Roy Giddens’ incredible journey began with a eureka moment reminiscent of the 1960s TV show The Beverly Hillbillies.
Tararua hunter Giddens had been camping by a river in the remote North Island area of Retaruke and was stalking a stag with his hunting bow.
The clouds parted and he noticed the rocks of the river bed all around him glittering in the sun.
Giddens obtained a prospecting licence and collected surface samples, enlisting the help of overseas geologists who have detected traces of rare earths, platinum group elements and gold and silver.
The Erua-Ritaruki mineral field is on mainly forested Crown Land just west of the Tongariro National Park boundary and boasts an abundance of fossils – everything from tiny shells to sea turtle eggs and moa remains – plus fragments of volcanic “fumeroles”, about the size of a large circular bread loaf.
These ancient volcanic chimneys apparently bubbled to the surface as so-called “black smokers” when the Central North Island lay on the primordial ocean floor.
Giddens says they were a part of the volcanic activity which pushed valuable minerals and metals to the surface from deep within the earth.
Analysis has since confirmed metals including titanium, chromium, copper and a wide range of the kind of minerals used in green technology, such as electric car batteries, and wind turbines.
“There are so-called precious metals in abundance, but the rare earth elements are likely to generate the most interest,” Giddens says. “Worldwide these are in hot demand, with China controlling much of the market and many countries worrying about securing a reliable supply to fuel their economies.
“Rare earths are used in the production of everything from electric car batteries, to phones, computers to the magnets for wind turbines. You couldn’t work from home on your PC without them, because every computer has components containing rare earths.
“The Ruapehu district is sitting on the kind of mineral riches vital to sustain our modern world.”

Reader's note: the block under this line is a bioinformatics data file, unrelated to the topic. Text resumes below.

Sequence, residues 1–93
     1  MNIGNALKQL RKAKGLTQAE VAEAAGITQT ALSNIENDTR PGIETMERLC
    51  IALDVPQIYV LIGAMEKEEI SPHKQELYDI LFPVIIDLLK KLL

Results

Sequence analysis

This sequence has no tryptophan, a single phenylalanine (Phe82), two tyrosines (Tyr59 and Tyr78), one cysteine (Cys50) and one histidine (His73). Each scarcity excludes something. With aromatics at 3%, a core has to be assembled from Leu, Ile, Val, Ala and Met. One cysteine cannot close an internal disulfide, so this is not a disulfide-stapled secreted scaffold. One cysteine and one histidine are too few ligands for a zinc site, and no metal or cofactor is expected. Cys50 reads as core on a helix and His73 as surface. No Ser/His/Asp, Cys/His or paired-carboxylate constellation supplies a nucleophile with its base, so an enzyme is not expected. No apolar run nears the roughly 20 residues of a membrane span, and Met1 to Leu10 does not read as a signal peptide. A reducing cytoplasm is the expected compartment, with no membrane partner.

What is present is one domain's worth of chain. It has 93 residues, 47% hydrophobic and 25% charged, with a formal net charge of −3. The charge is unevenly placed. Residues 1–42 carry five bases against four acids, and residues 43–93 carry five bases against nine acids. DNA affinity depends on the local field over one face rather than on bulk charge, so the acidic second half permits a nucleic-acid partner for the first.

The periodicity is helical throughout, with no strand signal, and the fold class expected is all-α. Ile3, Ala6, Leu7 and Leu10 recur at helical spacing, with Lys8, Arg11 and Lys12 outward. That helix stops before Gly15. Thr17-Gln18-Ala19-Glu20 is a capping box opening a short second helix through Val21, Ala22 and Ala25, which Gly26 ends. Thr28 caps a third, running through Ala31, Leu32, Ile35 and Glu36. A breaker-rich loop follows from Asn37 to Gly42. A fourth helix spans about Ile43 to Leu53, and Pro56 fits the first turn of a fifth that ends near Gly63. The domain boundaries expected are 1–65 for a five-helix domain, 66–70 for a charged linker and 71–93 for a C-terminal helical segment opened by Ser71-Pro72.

Giddens may well be getting ahead of himself but the potential is exciting to consider.
Whether valuable metals and minerals are present in quantities to make commercial extraction viable will not be determined until exploration licence is granted. This would allow bores to be drilled to establish the depth of the estimated 24 square kilometre mineral field.
Samples sent for multi-element analysis to Genalysis Laboratory Services in Western Australia have confirmed rare earths present, while gold has been confirmed in samples sent to a university laboratory in China.
Timothy M. Kusky, a professor at the University of Geosciences in Wuhan, says only exploration could confirm commericial potential in the field.
“Roy has identified a prospect, that needs additional work for the geological mapping to investigate the mineral resources potential of the area,” Kusky says.
“Roy sent me some samples of some pyrite vein systems he collected there, and I had my team investigate the formation of the pyrite, and we found a small amount of gold in the system.”
Kusky says the samples may have originated on the far edge of a hydrothermal system.
“It is possible, but needs a real geologic study before anything more can be said. In the prospecting world; some dreams come true and some are just dreams. I have no data to evaluate which one is the case here,” he says.
He says that, if left in the ground, the metals and rare earth elements at Retaruke will simply erode into the river and be washed out to sea where they would be impossible to capture.
Giddens’ prospecting licence – which has now lapsed – identified the valuable minerals across an area of about 24 sq km. His company, Oryan Ltd, is seeking backing to gain an exploration licence, to measure the actual depth.
“On the surface particles of magnesium, titanium and iron are mixed up with rare earth elements in a sand that called monazite, while rock also contain rare earth elements. These minerals contain all the lanthanides as well as transition metals including the nobles [platinum group elements, including gold and silver among others].And it is thought that the minerals are likely to be present to a depth of 180m, or more.”
The deposit, part of the Taupo Volcanic Zone, is not the only one in the country, but Giddens sees it as particularly attractive for mining.
“This is Crown Land, that it is in an area with a relatively low population and close to rail infrastructure is a great advantage. Early indications are that it could be among the richest mineral fields on its type in the world. But only systematic prospecting to determine the depth of the field can quantify this,” he says.
“If this field runs as deep as we expect it to, it could be worth billions of dollars to our country.”
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